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Beans & Greens: Homewood welcomes first downtown grocery store in 40 years

South Suburban Food Co-op board member John Franzese, left, and Beans & Greens
store manager Patrick Miller discuss plans for the store in downtown Homewood,
which is slated to open at noon Wednesday, Sept. 21.
(Photos by Eric Crump/H-F Chronicle)

The long-awaited downtown food co-op, Beans & Greens, will open in downtown Homewood at noon Wednesday, Sept. 21, according to an email announcement from its parent organization, the South Suburban Food Co-op (SSFC).

  Beans & Greens staff member Karen McGee stocks shelves 
earlier this summer.

The co-op, which has been serving the South Suburbs since 1974 from several locations in Park Forest and Matteson, announced in April that it would move its store to 1941 Ridge Road.

Officials had hoped for an opening earlier this summer; however, renovations at the new location took longer than expected. Most of the work was done by staff and volunteer co-op members.

The decision was made to relocate to downtown Homewood as part of a fresh vision for the community-driven co-op. The desire to be in a more populous area, while meeting the growing demand for sustainable, healthy, organic foods and merchandise, brought them to Homewood for a new generation of health conscious consumers, according to store manager Patrick Miller.

Beans & Greens will bring the convenience of a local grocery store to the heart of downtown, something that has not been available in more than four decades.

  Assistant store manager Lorie Zoellick supervises 
  preparations for opening 

  Beans & Greens.

As is the case with most small towns, independant local groceries have slowly disappeared and have been replaced with larger chains outside the heart of downtown. The village’s downtown master plan calls for a shift toward a more walkable, bikeable and socially connected lifestyle in Homewood, and an independant grocer returning once again to the heart of town seemed to be a good fit.

The co-op began as a buying club with seven founding members, and for some time, membership and volunteering were mandatory. SSFC now welcomes anyone to shop with them.

Members are now considered owners, and while it is no longer a requirement, being an owner has advantages, including 5 percent price discounts on purchases, owner-only sales, discounts on classes and the right to vote for and/or run for a seat on the board.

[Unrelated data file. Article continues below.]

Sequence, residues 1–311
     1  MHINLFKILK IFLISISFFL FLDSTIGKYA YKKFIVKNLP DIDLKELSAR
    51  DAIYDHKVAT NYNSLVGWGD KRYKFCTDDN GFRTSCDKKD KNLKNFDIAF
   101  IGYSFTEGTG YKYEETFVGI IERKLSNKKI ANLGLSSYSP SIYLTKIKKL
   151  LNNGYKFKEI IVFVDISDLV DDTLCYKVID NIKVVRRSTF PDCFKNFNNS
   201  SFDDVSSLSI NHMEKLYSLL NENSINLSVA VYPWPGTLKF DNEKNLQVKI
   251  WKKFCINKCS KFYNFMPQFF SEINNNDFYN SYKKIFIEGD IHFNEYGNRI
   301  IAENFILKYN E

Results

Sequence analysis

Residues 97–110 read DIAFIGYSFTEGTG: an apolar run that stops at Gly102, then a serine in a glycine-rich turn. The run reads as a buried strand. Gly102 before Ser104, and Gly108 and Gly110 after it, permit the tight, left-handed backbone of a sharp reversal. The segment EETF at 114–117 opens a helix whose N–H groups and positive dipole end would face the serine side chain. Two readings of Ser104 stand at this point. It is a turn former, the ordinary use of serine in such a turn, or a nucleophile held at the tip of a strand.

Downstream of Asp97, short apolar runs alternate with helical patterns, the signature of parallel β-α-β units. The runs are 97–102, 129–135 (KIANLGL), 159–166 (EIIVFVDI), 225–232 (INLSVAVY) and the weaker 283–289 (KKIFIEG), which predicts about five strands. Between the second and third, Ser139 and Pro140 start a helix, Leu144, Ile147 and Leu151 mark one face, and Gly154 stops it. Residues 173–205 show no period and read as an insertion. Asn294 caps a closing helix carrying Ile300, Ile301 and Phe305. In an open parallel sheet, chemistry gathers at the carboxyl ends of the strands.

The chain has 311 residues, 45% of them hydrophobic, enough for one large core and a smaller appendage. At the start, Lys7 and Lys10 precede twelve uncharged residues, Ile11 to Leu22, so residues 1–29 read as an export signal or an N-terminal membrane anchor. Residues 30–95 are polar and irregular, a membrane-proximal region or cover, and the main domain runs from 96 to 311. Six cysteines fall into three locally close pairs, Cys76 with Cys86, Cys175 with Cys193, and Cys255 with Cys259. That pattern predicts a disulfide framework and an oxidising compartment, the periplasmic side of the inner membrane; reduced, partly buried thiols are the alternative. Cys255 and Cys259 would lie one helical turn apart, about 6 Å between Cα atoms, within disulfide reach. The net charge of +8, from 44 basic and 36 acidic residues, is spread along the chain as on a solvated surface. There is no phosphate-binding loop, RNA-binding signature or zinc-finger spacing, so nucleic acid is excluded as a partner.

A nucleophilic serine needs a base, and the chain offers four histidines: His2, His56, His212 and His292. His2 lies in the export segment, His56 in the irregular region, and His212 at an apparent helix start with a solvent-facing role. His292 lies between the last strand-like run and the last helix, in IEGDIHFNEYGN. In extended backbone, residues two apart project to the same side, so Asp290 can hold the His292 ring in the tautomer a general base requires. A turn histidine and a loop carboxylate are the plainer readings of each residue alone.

Beans & Greens is a non-profit organization that is 100 percent owned and operated by its members.

The co-op grows organic produce on five acres in Richton Park, as well as two acres and 50 fruit trees in Park Forest that is all donated through St. Irenaeus church. Recently, Ravisloe Country Club owner Claude Grandeau offered the co-op one acre of land to grow organic produce for distribution through the co-op. Details on creating the garden at Ravisloe are still being worked out.

John Franzese, a 25-year board member of the co-op explains, “It is important to have healthy food, but that’s not the be-all-end-all. The be-all-end-all is educating people on food, the philosophy and the community.”

“The important thing is to reach out and get people to understand: If you want things to be better, make them better, with your health and your life,” he added.

The Homewood location will continue to offer the same value and difficult-to-find favorites the store is known for, he said.

The bulk items which have always been a signature of the store will be available in the new location, and there are plans to expand those offerings. The store will also feature grind-your-own organic peanuts and organic almonds.

Future plans include a coffee and smoothie bar, as well as a dedicated classroom space for classes, demonstrations and community events.

Also continuing will be their selection of gluten-free ingredients, local organic produce, grass fed meats, vegan and non-genetically modified organism (GMO) foods.

The organization’s mission will also remain the same. The SSFC will continue to support local organic farmers to ensure the procurement of quality foods for building and maintaining optimal health for the community and the planet.

SSFC is committed to environmentally responsible business practices. Franzese said the store is could soon replace plastic packaging for dried food items with reusable glass jars, for example.

According to the member-written mission statement, “Local sources for food and merchandise improve quality of products while reducing distribution costs.”

The community response has been overwhelmingly positive from local residents to village officials, according to co-op officials. The co-op has had a booth at the Homewood Farmers Market each week all summer, and market patrons have regularly inquired about the store’s opening.

Beans & Greens will be open Monday-Saturday, 8 a.m. to 8 p.m. 

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